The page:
Without getting into the nitty-gritty of the conflict in the Caucasus, this much can be said: that it is the latest chapter in a sustained U.S. campaign to expand the North Atlantic Treaty Organisation (NATO) eastward beyond Europe and to “contain” Russia’s resurgence. The U.S. policy is integral to its global strategy that in the New American Century any rival power even remotely capable of challenging U.S. dominance will be stopped in its tracks. Of course, casting Russia in adversarial traits as an enemy at the gates would also re-establish the U.S.’ trans-Atlantic leadership. Woven into all this is the struggle for the control of Caspian oil. NATO’s current muscle-flexing in the Black Sea underscores that this high-stakes game is far from over and that its outcome will largely determine the contours of the international system for decades to come.
These are not esoteric topics for a serious regional power like India. Even with the obsessive drive on the part of the UPA leadership to navigate the Indo-U.S. nuclear deal to its safe destination in the next few critical weeks, we cannot be so very oblivious of what is going on in the world in which we live. We aren’t one-dimensional men. At issue is the nature of the world order. At the very least, we are an interested party because Russia is an old friend and the U.S. is our present-day benefactor. Even if there is no more a bilateral treaty in vogue with Russia which places obligations on us to enter into consultations with Moscow, we are concerned about what has happened in the Caucasus for nothing else than that U.S.-Russian relations form a crucial template of the world order.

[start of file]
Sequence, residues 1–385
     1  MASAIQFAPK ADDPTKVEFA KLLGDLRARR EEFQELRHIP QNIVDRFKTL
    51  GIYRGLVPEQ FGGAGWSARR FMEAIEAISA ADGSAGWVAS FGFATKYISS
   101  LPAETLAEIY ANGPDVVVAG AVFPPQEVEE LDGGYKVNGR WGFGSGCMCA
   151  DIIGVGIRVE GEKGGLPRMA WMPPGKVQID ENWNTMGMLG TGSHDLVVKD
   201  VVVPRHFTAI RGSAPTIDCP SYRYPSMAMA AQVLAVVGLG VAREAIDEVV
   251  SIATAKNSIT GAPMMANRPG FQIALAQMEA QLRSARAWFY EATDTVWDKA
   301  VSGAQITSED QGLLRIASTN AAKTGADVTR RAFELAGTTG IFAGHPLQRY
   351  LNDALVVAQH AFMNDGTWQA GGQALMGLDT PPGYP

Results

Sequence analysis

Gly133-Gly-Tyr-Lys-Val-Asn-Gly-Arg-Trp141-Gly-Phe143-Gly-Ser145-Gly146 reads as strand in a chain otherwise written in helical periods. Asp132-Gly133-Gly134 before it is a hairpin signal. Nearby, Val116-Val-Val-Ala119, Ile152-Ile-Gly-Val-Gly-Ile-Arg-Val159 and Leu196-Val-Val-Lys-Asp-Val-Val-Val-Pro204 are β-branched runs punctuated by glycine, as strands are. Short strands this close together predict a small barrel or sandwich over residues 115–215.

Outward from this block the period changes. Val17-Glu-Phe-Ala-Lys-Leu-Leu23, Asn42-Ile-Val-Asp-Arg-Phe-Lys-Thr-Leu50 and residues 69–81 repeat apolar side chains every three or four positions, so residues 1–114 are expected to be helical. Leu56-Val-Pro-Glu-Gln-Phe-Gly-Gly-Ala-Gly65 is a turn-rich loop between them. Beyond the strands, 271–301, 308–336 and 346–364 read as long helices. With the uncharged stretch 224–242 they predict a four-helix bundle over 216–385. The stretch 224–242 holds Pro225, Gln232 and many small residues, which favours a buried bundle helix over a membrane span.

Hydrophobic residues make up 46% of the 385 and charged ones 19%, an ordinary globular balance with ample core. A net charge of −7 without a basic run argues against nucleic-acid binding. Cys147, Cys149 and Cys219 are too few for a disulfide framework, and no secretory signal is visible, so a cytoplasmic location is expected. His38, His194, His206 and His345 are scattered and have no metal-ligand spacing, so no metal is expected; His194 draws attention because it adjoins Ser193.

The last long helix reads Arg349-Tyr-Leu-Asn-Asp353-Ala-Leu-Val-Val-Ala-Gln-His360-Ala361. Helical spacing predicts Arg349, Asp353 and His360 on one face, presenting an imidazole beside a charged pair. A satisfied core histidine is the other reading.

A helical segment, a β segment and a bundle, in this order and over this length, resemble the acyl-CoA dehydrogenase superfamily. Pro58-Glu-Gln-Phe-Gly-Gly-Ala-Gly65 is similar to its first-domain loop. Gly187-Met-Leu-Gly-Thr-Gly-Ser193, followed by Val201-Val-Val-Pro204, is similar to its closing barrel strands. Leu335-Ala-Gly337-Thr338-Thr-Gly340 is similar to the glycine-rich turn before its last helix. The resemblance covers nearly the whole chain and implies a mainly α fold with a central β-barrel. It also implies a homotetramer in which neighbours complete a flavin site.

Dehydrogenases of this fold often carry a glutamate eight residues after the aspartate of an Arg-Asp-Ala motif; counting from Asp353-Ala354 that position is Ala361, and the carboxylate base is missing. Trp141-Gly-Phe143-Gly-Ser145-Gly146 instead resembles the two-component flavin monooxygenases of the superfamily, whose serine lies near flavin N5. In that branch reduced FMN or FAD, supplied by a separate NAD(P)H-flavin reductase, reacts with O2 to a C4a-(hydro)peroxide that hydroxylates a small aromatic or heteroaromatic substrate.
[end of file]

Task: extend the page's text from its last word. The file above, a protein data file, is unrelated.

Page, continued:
At the very minimum, it is a matter of bad taste that we host a massive U.S. naval fleet — involving aircraft carriers, nuclear submarines and warships of high offensive capability — on our waters for friendly exercises at such a juncture. The UPA leadership should not be petrified that Washington might get irritated if we told them that the present time posed us some difficulty in conducting the “Malabar Exercises.” After all, the heavens are not going to come down on our armed forces if we don’t schedule these exercises at precisely this point in time. Haven’t we already had over 50 military exercises with the U.S. in the past seven years? Even NATO allies do not have such an intensive level of interaction with the U.S.
Then, there is a second aspect. Let us not fool ourselves that the U.S.-Iran standoff has blown over. Great standoffs in politics and history do not just wither away. They are about power and the exercise of power. They constantly strive to outwit political realism in their overreach for absolute victory. Unsurprisingly, the majority opinion amongst the “Iran watchers” is that the most critical period in U.S.-Iran tensions is just about approaching — the period between the U.S. presidential election in November and the historic departure of President George W. Bush from the White House to his ranch in Texas in January. Most observers believe that if a U.S. or combined U.S.-Israeli or “stand-alone” Israeli attack on Iran were to take place, that could most likely happen between November and January.